Imaginary Goliaths |

Imaginary Goliaths

by


The triumph of the boy David over Goliath is a good lesson in overcoming the Philistines of the flesh that often try to antagonize peace.

David did not see defeat, but victory. Realizing the presence and power of God, he reflected and manifested this power. He knew that the cause was God’s, and that with Him, victory was certain.

One of the imaginary foes we have to meet is that of worry. Even from a human standpoint, there is no good whatever in this imaginary Goliath. Give no place to worry, but rely on the ever-present omnipotence of God. “One on God’s side is a majority,” no matter how overwhelming the force of the enemy may appear.

Another imaginary Goliath is discouragement. The army, as David found it, seemed to be overwhelmed with fear that blinded them to man’s dominion. But remembering the lion and the bear which he had slain, he knew that God had strengthened him and given him the victory. He was sure, therefore, that no foe could stand before the power of the Almighty, and this assurance made it a joy for him to go forth to meet the enemy, that he might prove it to be nothing, an illusion of mortal sense without life or mind.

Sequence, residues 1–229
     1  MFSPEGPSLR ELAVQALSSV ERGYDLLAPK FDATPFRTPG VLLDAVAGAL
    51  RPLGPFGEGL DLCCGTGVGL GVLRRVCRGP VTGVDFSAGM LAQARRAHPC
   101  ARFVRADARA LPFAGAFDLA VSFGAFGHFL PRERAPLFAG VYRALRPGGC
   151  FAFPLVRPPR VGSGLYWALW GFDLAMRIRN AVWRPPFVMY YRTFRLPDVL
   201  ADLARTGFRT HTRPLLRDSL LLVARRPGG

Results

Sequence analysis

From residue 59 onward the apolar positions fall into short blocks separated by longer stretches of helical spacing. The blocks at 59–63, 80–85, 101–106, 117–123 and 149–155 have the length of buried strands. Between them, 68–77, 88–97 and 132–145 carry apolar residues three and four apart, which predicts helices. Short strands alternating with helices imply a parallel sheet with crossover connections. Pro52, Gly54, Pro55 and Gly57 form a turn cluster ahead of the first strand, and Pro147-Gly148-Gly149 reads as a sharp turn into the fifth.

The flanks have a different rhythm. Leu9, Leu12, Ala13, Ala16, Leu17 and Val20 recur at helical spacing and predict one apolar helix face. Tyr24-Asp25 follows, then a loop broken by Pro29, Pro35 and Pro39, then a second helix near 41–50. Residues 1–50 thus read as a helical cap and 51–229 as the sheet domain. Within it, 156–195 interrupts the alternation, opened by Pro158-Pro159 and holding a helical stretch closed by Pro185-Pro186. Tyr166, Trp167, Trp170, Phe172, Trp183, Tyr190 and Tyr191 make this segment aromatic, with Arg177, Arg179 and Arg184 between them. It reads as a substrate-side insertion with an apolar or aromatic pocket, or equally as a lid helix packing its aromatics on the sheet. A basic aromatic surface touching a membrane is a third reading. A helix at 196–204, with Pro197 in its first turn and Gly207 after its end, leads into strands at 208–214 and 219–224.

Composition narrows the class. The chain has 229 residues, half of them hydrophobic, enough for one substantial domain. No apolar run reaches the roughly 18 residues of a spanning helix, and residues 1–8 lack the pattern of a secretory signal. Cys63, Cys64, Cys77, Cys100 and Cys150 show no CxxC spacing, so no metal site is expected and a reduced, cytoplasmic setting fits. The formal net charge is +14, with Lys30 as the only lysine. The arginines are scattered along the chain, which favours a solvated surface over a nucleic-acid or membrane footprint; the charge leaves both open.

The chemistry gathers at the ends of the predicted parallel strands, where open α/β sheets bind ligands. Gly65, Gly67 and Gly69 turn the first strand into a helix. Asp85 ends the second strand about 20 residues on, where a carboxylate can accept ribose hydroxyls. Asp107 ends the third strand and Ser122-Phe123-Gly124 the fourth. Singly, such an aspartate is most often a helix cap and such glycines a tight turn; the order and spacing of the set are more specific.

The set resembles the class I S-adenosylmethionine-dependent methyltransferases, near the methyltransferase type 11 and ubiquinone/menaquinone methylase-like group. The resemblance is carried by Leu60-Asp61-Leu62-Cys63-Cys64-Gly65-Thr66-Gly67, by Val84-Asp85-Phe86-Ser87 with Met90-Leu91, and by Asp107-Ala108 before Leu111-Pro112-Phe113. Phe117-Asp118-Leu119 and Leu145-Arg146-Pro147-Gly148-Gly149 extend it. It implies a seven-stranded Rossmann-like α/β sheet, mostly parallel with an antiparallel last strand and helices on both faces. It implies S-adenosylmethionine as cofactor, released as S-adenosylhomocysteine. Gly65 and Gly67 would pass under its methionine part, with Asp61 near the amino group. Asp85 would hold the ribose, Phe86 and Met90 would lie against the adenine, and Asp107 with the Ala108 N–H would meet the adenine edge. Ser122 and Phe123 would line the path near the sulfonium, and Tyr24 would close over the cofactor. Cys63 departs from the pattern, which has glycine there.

We can all learn to “take pleasure in infirmities,” because every obstacle met and destroyed brings us nearer to the Principle of true being. Every problem spells victory, since our watchword is, “Who is so great a God as our God?”

The tiny stone sent forth from David’s sling was a missile of Truth, before which error, though in giant form, had to fall. In reality these giants have no power and can produce no effect on him who fights “the good fight of faith.” The divine Love that in the past has met every need, is with us here and now; and with God on our side, we can “meet every adverse circumstance as its master.” (S&H)